Artist, janitor and athlete Amelia Hernandez, 62, still competing, training daily in Little Village

She’s been a part of the Special Olympics since the first games were held at Soldier Field in 1968.

SHARE Artist, janitor and athlete Amelia Hernandez, 62, still competing, training daily in Little Village
A Sun-Times series spotlighting the people and professions that keep Chicago thriving. Sports profiles are made possible by the Chicago Blackhawks.

Amelia Hernandez has competed in every single Special Olympics event since the first international summer games at Soldier Field in 1968.

Her mother, Connie Hernandez, recalls that when Amelia was a child, her speech was noticeably delayed and she didn’t feel her daughter was ready to go to school. But upon turning 5, Amelia surprised everyone when she started talking, and at the recommendation of a psychiatrist, Connie sent her to school.

But that didn’t last long. Amelia wouldn’t stay in her seat or concentrate in class, her teachers complained.

One day Connie got a call from the Board of Education to inform her about a Chicago Park District program at Dvorak Park, in Pilsen, for children with special needs. Amelia and her mom were living by Taylor Street on the Near West Side at the time and moved to 18th and Racine, closer to the park.

“When I got there and saw all those kids just like her, I thought, wow, I wasn’t alone,” Connie said holding back tears. “ ... I thought, ‘This is the beginning of a life,’ and it was because she became real independent and everything.”

Connie met other mothers who were active in getting schooling for their kids with disabilities, among them Guadalupe Reyes, the founder of El Valor organization in Pilsen, which would become instrumental in Amelia’s life path toward self-sufficiency.

“At the park I started running a lot, then I tried the softball throw, and jumping,” said Amelia, now 62. “I just kept moving up, moving up to different sports.”

The Special Olympics gave her a uniform and allowed her to compete with peers from out of state who shared the same ability. Though Connie recalls games being poorly attended at first, except for politicians and the media, the event has been a consistent pillar in Amelia’s development and today thousands of children and adults partake in the games year-round.


Amelia Hernandez shows off some drawings she’s done at the Piotrowski Fieldhouse including one of the Chicago Blackhawks playing the Boston Bruins.

Brian Ernst/ Sun-Times

Amelia trains every day and also does a lot of painting, and loves making pictures of athletes.

And she works part-time at El Valor’s Little Village location, doing maintenance work in the children’s center. “I like it,” she says. She hops on the 60 bus which takes her from El Valor’s offices in Pilsen to its location in Little Village.

“She’s always been enthusiastic about life, whether it’s sports or anything, she always puts her heart fully into whatever she’s doing,” said David Donahue, a former employee of El Valor, who has been her coach on and off for 21 years. “She’s never been known not to try anything at least once.”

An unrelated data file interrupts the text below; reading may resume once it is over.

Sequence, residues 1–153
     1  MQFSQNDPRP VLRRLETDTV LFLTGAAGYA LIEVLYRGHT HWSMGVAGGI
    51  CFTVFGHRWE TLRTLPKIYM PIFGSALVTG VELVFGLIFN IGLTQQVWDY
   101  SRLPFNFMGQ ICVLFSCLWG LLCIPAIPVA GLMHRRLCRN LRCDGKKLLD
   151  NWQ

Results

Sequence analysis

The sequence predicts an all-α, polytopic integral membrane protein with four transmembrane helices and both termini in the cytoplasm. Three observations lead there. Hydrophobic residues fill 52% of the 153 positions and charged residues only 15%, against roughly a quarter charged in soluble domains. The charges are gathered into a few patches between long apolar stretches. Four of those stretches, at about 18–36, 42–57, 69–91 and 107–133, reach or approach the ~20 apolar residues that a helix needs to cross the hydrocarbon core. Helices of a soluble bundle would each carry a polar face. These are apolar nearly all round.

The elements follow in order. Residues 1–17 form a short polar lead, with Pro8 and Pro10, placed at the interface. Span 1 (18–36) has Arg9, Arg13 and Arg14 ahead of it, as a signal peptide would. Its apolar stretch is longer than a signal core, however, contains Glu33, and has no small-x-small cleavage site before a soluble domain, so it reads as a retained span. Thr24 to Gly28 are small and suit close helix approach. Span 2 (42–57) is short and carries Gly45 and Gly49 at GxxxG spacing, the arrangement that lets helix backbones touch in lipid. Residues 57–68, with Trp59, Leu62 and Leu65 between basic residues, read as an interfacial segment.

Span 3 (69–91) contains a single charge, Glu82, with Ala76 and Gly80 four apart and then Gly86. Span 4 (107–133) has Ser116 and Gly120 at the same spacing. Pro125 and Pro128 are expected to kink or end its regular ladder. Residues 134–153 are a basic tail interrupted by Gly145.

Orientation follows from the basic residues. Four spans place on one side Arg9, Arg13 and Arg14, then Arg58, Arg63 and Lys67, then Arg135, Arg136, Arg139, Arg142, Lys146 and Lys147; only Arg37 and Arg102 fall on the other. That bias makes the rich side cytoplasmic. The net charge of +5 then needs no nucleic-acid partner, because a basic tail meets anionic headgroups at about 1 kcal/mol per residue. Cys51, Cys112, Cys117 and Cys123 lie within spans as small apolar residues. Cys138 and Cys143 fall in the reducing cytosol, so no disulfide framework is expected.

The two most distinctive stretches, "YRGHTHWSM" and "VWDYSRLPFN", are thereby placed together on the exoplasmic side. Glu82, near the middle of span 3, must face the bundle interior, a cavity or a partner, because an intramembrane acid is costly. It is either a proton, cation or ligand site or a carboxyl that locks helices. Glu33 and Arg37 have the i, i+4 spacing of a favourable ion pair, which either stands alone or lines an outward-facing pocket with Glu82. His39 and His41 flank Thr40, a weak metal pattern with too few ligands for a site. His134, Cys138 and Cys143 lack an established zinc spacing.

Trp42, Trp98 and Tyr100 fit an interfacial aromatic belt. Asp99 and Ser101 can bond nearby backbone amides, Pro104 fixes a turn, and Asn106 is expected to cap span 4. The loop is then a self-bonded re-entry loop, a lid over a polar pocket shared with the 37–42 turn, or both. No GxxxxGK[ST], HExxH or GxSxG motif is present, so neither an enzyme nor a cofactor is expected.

At Piotrowski Park, in Little Village, where he now coaches, he prepares Amelia and other adults with intellectual or physical disabilities for the Special Olympics. The Chicago Park District has over 25 parks with programs for people with disabilities, for the vision and hearing impaired and for veterans.

Amelia has competed in track, power lifting (she can hoist 165 pounds), soccer, basketball, volleyball and bowling. Her favorite position to play during floor hockey is goalie.

Her dream? To meet goalie Corey Crawford of the Blackhawks.

Amelia keeps things in perspective.

“I have friends who cannot play sports because they are walking with a cane, with a walker, some are in a wheelchair, some friends cannot walk or run. I could run, I could do everything. I move pretty well,” she said.

She adds: “I never stop. I just keep going.”

Her mom said she’s barely ever home between her park activities, her job, and competing in games out of state. Many times she comes home with a trophy.

“I don’t know, without the opportunities she had, I think Amelia would probably be sitting in the corner like she used to be before she started going to the park. She used to sit in the corner on the floor and play with marbles. Or maybe she’d be gone, you never know,” she said.


Amelia Hernandez, 62, a longtime athlete stands in front of a photo of her younger self competing at her first Special Olympics event.

Brian Ernst/Sun-Times

The Latest
Orit Peleg is in the process and an extended study into the mysteries of the meaning on the blinking of fireflies.
if Illinois wants to get the best student achievement bang for its taxpayer buck, it should stop subsidizing the choice to send children to a private school.
By politicizing sexual and gender identity, we’ve made it harder to support a group of students who often feel marginalized. We need to do better.
Mom dislikes the thought of being buried, but her adult children say Jewish law requires it.
Patricia Martin, former presiding judge of the Cook County juvenile court’s child protection division, is accused of stealing from Oscar Wilkerson Jr., who was the last known surviving Chicago-area member of the nation’s first Black aviation combat unit.